• Average salaries per the market for your desired specialist.
  • Benefits packages that will appeal to top talent, e.g., flexible hours, healthcare, etc.
  • The channels you should utilize for posting jobs, e.g., LinkedIn, your agency’s website, or recruitment websites.
  • The size of your budget versus the increased profitability a new hire could bring.

Maintaining an effective recruitment strategy helps solidify your agency as a great place to work. Take feedback from team members on what they love about their role and what could change. Find ways to invest in employee engagement and record how this drives your staff retention rates. You can even use satisfied employee stories to improve brand recognition, which positively feeds back into hiring more top talent.

Building a brand

Brand recognition is a critical aspect of agency growth. All agency strategies should include a brand messaging framework. This document details what you do, why you do it, and who you do it for. You can also include aspects of your company story or timeline. From here, you can start to create your company’s tone of voice and personality. Thread that throughout your entire marketing efforts to eventually make your content and advertising instantly recognizable.

To paraphrase marketing agency leader Stephen Gilbert, impactful brand marketing helps brands better differentiate themselves by building long-term value over quick wins. The best brands also resonate with clients on a deeper level. Leads are drawn to potential partners with similar values to them, so work your corporate ethics and standards throughout your brand messages.

Five strategies for agency business growth

Your overall agency planning and strategy goals should, ideally, be broken down into manageable chunks. Just like projects require a timeline and carefully allocated tasks, business strategies need well-defined goals and dedicated leaders. Marketing teams may look at improving branding and digital client engagement, while sales teams might handle more direct methods of lead generation. HR leaders manage ways to retain staff, supporting managers with improved engagement approaches.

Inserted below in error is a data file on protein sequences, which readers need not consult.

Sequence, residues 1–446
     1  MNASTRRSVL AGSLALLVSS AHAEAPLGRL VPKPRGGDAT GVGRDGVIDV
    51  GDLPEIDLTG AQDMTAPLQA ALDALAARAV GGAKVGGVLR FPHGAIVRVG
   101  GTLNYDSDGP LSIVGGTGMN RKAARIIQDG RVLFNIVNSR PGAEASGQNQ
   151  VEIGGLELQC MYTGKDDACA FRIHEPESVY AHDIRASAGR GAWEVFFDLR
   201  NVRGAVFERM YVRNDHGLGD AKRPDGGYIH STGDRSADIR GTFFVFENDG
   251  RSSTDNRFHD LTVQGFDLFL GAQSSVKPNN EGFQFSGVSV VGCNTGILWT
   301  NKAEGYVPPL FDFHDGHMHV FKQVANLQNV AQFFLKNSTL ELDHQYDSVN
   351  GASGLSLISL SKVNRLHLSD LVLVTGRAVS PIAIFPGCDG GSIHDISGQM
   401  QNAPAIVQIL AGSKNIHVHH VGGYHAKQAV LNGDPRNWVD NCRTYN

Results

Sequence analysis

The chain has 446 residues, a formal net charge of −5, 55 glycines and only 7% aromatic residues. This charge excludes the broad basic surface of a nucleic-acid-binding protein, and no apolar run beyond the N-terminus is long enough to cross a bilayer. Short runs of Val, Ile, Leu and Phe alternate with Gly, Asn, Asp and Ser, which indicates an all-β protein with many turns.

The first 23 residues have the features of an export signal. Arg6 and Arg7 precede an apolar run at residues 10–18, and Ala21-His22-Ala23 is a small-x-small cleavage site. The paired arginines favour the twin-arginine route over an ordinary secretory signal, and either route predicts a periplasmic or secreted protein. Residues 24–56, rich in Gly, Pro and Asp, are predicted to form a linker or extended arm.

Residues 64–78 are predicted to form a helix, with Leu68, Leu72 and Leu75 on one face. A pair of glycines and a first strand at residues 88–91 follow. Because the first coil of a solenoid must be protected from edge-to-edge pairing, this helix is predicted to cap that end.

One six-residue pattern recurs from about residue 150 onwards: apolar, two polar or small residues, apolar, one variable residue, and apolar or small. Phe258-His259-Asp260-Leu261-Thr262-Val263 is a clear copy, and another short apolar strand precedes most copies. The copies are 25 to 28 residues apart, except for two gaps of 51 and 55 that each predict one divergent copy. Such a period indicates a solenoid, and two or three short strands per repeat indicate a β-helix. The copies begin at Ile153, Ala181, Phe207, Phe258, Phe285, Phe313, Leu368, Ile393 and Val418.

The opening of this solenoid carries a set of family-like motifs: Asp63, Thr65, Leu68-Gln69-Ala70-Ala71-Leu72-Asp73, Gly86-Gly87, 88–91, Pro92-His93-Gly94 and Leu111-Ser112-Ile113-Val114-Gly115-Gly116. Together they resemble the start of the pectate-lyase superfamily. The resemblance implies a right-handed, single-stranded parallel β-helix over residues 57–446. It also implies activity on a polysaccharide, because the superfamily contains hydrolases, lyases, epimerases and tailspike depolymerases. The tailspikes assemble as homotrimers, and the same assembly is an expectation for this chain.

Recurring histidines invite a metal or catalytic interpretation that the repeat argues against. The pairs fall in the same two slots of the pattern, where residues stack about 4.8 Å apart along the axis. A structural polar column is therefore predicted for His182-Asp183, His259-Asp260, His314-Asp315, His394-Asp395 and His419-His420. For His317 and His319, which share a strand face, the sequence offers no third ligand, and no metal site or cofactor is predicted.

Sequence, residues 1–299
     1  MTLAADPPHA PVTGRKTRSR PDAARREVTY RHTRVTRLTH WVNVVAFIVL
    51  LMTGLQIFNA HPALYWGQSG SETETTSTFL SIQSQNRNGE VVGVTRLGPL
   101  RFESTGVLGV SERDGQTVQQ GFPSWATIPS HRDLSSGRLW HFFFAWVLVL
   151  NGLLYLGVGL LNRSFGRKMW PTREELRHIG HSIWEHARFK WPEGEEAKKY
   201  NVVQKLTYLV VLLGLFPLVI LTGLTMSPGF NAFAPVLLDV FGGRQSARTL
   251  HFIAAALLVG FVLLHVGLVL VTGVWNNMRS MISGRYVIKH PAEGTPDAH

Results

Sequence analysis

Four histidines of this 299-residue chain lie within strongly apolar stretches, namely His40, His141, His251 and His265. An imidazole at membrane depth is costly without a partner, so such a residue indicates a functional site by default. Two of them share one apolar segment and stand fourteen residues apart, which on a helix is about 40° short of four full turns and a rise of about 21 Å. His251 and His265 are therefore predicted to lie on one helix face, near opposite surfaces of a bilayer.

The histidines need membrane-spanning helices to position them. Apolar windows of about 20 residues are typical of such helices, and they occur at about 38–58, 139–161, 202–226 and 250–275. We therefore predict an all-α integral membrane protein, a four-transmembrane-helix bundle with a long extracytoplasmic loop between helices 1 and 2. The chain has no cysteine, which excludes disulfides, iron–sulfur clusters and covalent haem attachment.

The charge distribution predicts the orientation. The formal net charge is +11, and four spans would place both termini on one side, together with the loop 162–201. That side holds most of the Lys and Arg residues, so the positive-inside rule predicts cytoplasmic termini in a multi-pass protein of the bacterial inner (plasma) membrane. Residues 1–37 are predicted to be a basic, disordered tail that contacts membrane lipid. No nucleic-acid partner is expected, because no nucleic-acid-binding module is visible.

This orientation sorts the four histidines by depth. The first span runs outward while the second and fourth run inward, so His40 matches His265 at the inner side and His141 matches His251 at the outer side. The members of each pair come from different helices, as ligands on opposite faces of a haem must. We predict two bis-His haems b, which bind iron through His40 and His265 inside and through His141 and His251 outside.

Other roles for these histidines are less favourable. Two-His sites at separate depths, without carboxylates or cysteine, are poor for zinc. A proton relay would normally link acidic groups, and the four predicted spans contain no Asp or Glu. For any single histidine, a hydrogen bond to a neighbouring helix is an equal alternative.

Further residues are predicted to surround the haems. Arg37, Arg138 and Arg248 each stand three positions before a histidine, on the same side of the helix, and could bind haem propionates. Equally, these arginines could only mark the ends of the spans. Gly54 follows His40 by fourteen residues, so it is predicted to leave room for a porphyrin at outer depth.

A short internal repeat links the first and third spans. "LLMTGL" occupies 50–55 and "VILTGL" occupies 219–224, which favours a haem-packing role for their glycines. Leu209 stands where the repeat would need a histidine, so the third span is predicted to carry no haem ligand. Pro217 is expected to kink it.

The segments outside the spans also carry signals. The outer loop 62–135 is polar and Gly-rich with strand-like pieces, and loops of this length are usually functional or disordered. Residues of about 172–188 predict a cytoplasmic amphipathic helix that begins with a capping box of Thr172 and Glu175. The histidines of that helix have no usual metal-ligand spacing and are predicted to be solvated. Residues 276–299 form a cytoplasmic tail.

While there are numerous strands in the overall web of continuous agency growth, the following five factors are vital to business continuity.

Provide employee training and development

Suppose you’re focusing on ways to attract top talent and keep them from leaving and heading to your competitors; consider training and upskilling. Studies show that:

  • A reported 71% of employees get increased job satisfaction via learning and development.
  • More than half (61%) say on-the-job learning encourages them to stay with an employer.
  • Nearly half (48%) of employees reported they will actively consider leaving their jobs if they don’t receive continuous education or upskilling opportunities.

Training can be done on a peer-to-peer basis to eliminate the costs of outsourcing professionals. Agencies may also invest in computer-based learning via SaaS (Software as a Service) subscriptions.

Effective collaboration software can help you understand where skills gaps lie within your teams. Bonsai provides ways for all stakeholders to quickly view who is involved with a project and the task completion progress. If managers notice some tasks consistently going over the deadline, they can address these issues with the individuals concerned.

While some delays may be unavoidable, others could be due to not fully understanding particular systems and tools. Leaders can offer buddy or mentorship schemes to quickly fill skill gaps and consider longer-term training opportunities to improve the holistic capabilities of their workforce.

Research ideal customer profiles

Even with the best-trained staff in the business, you can’t reach your clients if you don’t really know who they are. Utilize market research to determine your target audience and create an Ideal Customer Profile or ICP.

An ICP is an imaginary customer that represents the qualities of your ideal client. You can use data such as age, position within a business, and pain points to narrow down your ICP. Marketing teams can then use this demographic data to target potential clients better with their campaign messages.